23 January 2018

US Speedskating Not in Line with Olympic Core Values

No doubt we all watch the Olympics to see who will win gold. But what truly inspires you?

For many of us, its the story of overcoming struggle and an athlete's journey that reveals the true champion. It's those athletes that have overcome so much, but still fall short of ever being close to the podium. Their journey and accomplishment to just make the Olympic team is a story worth knowing. Recently I read that Pita Taufatofua, the Tongan TaeKwonDo Olympian sensation from 2012 just made the 2018 Olympic team in the Cross Country skiing having just put on skis one year ago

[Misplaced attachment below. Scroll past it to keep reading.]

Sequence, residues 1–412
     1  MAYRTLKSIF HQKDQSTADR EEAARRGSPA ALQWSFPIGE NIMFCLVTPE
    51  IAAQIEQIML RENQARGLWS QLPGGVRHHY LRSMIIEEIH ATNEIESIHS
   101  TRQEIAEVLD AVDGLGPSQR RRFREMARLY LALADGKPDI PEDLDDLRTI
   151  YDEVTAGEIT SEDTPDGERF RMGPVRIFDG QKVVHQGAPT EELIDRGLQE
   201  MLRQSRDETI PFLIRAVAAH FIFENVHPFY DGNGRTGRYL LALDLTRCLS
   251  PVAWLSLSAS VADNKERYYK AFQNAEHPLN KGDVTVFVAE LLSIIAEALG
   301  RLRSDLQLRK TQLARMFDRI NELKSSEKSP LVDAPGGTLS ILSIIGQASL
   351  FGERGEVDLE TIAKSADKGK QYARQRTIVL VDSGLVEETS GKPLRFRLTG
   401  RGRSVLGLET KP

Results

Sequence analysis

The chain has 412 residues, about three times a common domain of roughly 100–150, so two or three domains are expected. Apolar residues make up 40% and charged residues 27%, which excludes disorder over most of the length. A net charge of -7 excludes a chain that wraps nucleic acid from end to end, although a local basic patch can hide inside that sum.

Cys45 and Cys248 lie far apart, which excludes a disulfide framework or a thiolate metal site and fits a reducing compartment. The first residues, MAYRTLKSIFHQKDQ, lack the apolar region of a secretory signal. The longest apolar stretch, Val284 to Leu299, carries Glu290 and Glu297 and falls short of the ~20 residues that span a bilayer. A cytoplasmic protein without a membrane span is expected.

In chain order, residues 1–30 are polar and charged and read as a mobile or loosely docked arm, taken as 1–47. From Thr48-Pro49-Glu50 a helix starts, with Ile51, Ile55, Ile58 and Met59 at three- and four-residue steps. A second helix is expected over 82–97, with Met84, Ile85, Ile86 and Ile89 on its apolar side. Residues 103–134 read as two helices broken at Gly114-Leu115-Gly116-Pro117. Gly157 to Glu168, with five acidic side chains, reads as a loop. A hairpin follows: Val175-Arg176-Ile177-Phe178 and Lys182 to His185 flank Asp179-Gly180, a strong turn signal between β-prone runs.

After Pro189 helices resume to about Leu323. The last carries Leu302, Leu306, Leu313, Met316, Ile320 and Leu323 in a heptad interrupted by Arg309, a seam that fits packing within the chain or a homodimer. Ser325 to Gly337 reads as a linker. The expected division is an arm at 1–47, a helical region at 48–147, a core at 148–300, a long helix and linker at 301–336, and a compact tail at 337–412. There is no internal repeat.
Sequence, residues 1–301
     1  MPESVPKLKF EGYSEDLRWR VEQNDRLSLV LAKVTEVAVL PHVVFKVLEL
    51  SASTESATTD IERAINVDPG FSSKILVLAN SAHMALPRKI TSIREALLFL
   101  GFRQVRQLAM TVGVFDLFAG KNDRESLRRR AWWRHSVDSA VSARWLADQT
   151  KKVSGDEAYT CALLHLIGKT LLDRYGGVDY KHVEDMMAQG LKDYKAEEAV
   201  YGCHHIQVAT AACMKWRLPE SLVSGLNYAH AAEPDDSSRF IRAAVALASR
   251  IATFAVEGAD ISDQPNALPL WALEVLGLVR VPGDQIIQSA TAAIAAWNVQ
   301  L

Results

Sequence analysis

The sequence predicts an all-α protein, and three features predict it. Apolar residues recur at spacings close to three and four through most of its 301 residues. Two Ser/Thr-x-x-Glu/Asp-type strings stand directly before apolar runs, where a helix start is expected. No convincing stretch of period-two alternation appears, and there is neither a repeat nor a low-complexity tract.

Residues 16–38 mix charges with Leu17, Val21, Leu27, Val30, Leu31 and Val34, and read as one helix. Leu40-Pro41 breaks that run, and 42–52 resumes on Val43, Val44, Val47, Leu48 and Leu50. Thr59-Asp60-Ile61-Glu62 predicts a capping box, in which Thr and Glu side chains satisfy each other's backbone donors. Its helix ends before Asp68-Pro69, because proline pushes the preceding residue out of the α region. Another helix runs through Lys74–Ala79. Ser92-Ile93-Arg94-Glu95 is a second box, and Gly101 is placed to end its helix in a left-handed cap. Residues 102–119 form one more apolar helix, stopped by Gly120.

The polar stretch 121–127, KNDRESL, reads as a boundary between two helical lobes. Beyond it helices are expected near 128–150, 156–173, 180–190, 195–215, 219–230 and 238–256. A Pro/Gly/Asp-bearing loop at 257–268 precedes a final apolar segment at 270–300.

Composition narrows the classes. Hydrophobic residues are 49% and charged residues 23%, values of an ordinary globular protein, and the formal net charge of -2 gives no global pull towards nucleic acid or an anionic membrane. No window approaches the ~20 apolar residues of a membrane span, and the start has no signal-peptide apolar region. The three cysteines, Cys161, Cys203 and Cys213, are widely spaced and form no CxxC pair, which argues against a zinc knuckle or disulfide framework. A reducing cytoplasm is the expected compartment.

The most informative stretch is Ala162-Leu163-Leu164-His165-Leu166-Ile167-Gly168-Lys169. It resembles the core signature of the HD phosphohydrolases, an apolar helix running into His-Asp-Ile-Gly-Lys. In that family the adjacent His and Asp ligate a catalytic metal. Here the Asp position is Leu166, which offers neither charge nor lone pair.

Why bring this story about Pita up? Well his message inspires and its the most recent example of why I love the Olympics.  He said "I want to show people who aren't in sport, or are having struggles that they can do something out of their comfort zone, enjoy the journey and get themselves somewhere with it." Yes, he wants to win a gold medal, but he's had to overcome great obstacles just to get to the Olympics. For him, he is willing to challenge the impossible, to sacrifice a lot in order to be an example to others that they can accomplish feats they never thought possible. He inspires.